What lessons from the past 12 months will you bring with you into this role as UFI President?
The Johannesburg Expo Centre (JEC) hosted the Global Congress in 2017 and has benefitted from UFI membership since January 2010. It is a great honour to have been nominated as the first African UFI President and, from our region’s perspective, it is a huge step forward.
In my role as incoming UFI President over the last 12 months, I have understood that I will be representing not only the Middle East and Africa but also UFI on a global scale. Effective communication skills and diplomacy, together with high commitment to the UFI association and our strategy (Promote, Inform and Network) will be crucial in my role as the 2019 UFI President.
What does it mean to you personally to become the first African UFI President?
From talking to past UFI Presidents, I can see that chairing this wonderful association has been a highlight of their lives, and it most certainly is something very special for me. It really is an honour to have been selected and I intend to fulfil my presidential tasks, represent the association in all official activities, and be invested with full power to do so. And just as every president brings a special perspective from their nation’s heritage and culture, so will I with my own history and experiences. There is lots of room for Africa to grow in the exhibition industry, as we demonstrated with the Global Congress last November in Johannesburg.
Tell us a little bit about you as a person?
I’m a father of three, an outdoors person and I love to travel. I keep fit and enjoy running marathons when I get the chance. I love what I do and I get to meet interesting people all the time and work with a fantastic team. But spending time with friends and family is really what it’s all about.
When your appointment was announced last year, Dr Andreas Gruchow, who was UFI President at that time, described you as ‘a man of action’. What action can we expect during your presidency?
He’s right, but I’m also a ‘man of passion’. Because whatever you do, you must be passionate about it if you want to do it right. My first objective is to make sure that I represent the UFI association and its values entirely. I will also make sure that the Middle East and Africa, which represent great potential for any exhibitor, are involved in the exhibition industry on a global scale. In recent months, we have been able to bring in a new UFI Regional Manager for the Middle East and Africa, working out of the office in Dubai. We are planning to hold a regional conference next spring, and we have discussed and decided on an action plan for the region. I am excited to drive this region’s presence forward for UFI.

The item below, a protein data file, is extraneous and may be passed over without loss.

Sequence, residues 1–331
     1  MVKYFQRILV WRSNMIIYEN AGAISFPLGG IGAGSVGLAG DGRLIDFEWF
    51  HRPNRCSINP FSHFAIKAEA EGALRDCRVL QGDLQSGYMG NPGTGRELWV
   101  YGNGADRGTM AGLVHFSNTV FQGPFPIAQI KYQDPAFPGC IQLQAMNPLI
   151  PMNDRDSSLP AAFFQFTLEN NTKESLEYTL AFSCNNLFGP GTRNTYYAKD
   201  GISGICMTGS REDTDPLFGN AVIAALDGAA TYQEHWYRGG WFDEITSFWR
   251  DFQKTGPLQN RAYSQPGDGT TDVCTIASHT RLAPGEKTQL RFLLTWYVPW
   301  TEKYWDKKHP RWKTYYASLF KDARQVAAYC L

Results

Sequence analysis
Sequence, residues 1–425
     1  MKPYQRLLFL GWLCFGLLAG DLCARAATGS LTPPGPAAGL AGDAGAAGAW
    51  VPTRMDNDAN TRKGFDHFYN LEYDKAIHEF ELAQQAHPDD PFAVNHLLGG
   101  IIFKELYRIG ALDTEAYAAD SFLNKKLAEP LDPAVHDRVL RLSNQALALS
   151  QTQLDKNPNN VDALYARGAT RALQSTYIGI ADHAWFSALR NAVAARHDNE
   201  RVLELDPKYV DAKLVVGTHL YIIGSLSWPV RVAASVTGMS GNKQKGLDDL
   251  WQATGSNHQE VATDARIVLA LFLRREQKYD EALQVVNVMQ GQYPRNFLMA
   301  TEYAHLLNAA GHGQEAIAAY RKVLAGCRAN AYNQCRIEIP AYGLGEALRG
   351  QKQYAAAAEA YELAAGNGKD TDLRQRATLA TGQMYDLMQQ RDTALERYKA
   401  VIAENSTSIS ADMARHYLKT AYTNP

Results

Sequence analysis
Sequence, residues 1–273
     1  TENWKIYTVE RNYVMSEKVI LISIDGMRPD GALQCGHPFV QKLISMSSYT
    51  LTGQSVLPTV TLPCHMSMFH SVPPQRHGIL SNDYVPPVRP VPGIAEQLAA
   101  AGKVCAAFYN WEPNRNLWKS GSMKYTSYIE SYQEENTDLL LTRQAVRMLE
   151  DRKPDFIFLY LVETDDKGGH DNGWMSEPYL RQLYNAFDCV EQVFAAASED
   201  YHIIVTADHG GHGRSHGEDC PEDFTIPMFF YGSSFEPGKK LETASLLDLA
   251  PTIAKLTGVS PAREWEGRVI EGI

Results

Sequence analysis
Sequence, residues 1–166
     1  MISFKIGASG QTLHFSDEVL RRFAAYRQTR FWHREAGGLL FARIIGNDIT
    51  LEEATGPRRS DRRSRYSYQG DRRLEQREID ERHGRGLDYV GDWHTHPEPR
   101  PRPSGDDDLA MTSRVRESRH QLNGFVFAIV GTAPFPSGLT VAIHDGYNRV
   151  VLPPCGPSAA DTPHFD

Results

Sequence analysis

How would you describe Africa’s current standing in the global exhibition world? How will you build on this?
There is a lot of untapped market potential. Africa is rising, and many international organisers are doing great business there already. South Africa is the leading market. According to the latest UFI Barometer, around 70% of South African exhibition companies expect to significantly grow their revenues in the first half of 2019, and 40% expect their profits to increase by over 10% this year.
But Africa is not one single market – it’s 54 countries in three major areas. Apart from South Africa, in Sub-Saharan Africa, our industry is still in development. And in the Maghreb and Egypt, you have a number of destinations and cities with well-established exhibitions and business events.
I invite all organisers from the region to use UFI to connect with their international peers, and all international organisers to also look at other developing markets in Africa – there is a lot happening in Egypt and Nigeria, for example.